Thankfully, as I mentioned above, aside from being extremely bruised on most of her body and sore (she passed out from the pain a few times in the hospital), my mom didn't suffer any major injuries, though she still has knee issues from her knee slamming into the steering column, pain in her ribs often from where she slammed into the driver's side door, and she had a concussion. We had both been nervous about possible internal injuries since the impact of the crash was so strong, even though on the surface she didn't look injured, and waiting for hours to hear that news seemed like weeks. (I knew we had both been thinking about poor Princess Diana, but neither of us wanted to say it.) We later heard that the 19 year-old girl who was in the car that had been pushed into the telephone pole had some pretty bad cuts on her arms from the broken glass, and the truck driver was unharmed — just very shaken up. The accident wasn't his fault, but clearly he felt very responsible. Out of everyone, the woman who caused the accident was the most injured and required the longest recovery time.
I don't know if I've ever felt quite as much anger as I did when we received the police report a week or so later and found that the 40-something woman who caused the accident had been drunk and passed out at the wheel (up until that point, we didn't know why she had been speeding and driving so recklessly). Her blood alcohol level was .309 — the legal limit in Pennsylvania is .08, and the police sergeant assigned to the case told us that .5 would have meant death. I was so angry that this woman's abandon for her own life had harmed the lives of so many others. I don't want to think about what could have happened if that tractor trailer had been a foot ahead or behind where he was when my mom's car was pushed into him (yet I think about that all the time). I had many a nightmare where I was in the passenger seat of my mom's car when the accident occurred, which was where the initial impact was.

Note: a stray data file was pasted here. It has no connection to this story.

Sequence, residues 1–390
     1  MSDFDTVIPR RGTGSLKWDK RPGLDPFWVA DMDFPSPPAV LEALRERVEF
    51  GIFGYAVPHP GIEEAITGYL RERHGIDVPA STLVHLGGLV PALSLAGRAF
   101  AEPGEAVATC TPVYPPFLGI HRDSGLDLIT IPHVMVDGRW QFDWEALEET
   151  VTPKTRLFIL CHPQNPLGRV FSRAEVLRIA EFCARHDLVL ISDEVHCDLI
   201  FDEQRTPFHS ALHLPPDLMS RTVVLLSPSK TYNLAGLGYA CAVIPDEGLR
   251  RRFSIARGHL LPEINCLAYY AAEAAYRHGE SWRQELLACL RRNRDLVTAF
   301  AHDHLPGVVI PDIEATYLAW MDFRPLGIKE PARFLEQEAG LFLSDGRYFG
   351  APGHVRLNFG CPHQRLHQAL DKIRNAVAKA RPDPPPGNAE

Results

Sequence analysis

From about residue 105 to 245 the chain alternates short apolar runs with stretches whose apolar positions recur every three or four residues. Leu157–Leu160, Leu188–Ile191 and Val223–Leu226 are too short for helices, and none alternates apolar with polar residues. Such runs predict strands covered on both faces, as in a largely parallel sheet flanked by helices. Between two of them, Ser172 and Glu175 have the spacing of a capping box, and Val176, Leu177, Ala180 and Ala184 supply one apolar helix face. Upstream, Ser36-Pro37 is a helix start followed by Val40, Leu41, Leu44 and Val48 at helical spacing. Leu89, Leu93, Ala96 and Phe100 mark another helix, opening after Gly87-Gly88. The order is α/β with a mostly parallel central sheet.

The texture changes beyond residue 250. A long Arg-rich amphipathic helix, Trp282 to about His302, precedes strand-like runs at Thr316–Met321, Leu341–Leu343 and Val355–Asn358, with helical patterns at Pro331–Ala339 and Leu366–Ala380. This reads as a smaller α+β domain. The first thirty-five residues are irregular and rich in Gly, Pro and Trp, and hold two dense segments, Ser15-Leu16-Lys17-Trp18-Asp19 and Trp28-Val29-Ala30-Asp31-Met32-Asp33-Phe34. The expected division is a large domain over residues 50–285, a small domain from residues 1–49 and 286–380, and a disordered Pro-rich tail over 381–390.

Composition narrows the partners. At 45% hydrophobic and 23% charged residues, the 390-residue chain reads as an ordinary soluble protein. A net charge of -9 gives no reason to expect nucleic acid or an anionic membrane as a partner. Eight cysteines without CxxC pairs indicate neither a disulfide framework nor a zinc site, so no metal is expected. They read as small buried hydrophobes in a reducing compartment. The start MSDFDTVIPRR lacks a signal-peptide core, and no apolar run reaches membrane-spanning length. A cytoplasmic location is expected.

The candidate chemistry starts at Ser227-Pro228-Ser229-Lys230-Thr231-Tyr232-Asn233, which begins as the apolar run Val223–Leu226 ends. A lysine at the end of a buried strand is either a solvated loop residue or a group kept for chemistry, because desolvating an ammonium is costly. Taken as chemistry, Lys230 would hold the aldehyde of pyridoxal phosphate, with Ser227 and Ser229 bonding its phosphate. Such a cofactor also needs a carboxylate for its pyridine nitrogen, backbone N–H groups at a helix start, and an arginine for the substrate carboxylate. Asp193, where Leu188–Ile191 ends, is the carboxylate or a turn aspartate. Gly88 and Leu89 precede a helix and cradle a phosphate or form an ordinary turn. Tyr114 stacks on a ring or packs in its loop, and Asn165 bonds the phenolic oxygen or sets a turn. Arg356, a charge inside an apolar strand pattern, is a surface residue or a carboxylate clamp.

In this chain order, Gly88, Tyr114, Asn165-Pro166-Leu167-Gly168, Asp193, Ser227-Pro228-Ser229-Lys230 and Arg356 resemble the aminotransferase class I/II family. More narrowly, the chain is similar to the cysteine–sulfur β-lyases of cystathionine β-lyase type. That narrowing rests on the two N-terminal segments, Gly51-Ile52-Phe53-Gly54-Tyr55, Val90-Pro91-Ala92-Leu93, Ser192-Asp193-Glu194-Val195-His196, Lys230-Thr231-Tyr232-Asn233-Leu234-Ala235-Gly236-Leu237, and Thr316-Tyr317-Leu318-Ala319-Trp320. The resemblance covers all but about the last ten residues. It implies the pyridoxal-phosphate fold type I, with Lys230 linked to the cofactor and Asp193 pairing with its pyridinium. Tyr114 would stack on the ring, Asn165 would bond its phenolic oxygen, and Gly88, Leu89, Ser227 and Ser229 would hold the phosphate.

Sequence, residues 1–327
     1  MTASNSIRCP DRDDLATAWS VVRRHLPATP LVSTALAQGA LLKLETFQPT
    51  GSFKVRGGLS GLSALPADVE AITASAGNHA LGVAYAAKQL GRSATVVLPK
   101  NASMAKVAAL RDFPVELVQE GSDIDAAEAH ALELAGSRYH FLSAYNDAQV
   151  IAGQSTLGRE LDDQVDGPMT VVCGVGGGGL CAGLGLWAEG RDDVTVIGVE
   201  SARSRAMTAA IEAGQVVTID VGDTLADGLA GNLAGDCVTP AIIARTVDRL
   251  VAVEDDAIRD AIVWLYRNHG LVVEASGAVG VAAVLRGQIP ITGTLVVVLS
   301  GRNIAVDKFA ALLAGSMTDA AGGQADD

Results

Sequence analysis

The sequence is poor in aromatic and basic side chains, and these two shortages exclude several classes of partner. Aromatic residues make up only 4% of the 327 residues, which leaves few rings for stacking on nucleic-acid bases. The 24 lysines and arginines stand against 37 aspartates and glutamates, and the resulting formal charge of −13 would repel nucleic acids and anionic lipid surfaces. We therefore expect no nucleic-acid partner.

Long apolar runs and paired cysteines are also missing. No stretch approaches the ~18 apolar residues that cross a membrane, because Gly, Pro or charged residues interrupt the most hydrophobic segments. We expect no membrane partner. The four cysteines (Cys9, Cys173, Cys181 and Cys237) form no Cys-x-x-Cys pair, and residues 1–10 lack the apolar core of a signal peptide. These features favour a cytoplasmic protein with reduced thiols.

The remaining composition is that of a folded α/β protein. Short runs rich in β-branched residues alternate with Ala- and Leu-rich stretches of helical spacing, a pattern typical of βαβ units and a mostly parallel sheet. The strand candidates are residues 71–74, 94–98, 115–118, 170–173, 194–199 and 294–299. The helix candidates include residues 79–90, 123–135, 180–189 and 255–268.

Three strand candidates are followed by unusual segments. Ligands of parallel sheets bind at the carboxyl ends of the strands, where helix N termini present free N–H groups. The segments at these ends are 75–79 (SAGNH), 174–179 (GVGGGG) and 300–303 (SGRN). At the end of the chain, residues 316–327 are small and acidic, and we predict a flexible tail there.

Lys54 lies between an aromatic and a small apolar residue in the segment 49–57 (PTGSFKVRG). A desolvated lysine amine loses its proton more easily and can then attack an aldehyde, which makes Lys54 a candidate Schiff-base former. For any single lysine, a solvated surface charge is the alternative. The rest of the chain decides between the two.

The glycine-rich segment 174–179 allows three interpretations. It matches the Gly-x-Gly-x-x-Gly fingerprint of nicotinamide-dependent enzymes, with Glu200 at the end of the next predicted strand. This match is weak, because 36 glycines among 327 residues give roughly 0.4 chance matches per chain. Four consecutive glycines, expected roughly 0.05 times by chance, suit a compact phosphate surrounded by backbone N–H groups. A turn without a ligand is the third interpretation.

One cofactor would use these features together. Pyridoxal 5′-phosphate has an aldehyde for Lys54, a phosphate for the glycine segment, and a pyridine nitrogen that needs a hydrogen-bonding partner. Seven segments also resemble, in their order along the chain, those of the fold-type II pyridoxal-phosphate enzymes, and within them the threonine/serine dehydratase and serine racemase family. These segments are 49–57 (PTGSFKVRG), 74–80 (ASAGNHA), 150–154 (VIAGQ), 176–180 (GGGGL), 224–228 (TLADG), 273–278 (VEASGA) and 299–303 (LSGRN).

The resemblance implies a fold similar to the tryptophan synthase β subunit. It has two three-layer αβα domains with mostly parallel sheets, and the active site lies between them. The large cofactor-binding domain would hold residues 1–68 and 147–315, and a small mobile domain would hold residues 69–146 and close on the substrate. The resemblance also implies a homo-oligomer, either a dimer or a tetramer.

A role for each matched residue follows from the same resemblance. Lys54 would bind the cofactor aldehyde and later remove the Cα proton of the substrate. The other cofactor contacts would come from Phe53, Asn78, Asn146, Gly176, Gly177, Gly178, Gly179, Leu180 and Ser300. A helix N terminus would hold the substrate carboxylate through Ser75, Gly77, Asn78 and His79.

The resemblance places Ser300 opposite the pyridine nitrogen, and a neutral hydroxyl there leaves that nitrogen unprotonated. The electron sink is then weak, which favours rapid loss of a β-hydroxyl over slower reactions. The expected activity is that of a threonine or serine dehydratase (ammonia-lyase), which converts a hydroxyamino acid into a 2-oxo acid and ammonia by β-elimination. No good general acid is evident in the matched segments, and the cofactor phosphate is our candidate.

I was in therapy for a year to overcome my driving fears after the accident; I didn't trust anyone on the road and there were many days that I arrived at work in tears after someone cut me off or startled me on the road. I accompanied my mom to the court hearing where we saw Drunk Lady (as she came to be known by me) and my mom had to testify; on our way out of the courtroom I heard Drunk Lady ask her lawyer if she should say something to us as she walked by. I gave her the stink eye and she (smartly) kept moving. As much as I had a lot I'd love to have said to her, she was not worth the breath.
I have zero tolerance for people who drive even a little drunk. And the people who then joke and "brag" about it after the fact, like it's a badge of honor — well, I'd like to smack them into next Tuesday. There is nothing admirable about doing something so incredibly stupid. Sure, the woman who caused my mom's accident clearly had a real problem, but you don't have to be an alcoholic to make a stupid decision involving alcohol.
If ever you're considering getting behind the wheel after you've had even one drink too many, don't do it. Just don't. You're putting your life and countless others at risk, and it is not worth it. Just imagine all of the moments you could be robbing your innocent victims of, and the families that could be forever affected by your choice. Please: be smart, and be safe.
My mom and me at my 2008 wedding, photo by The Wiebners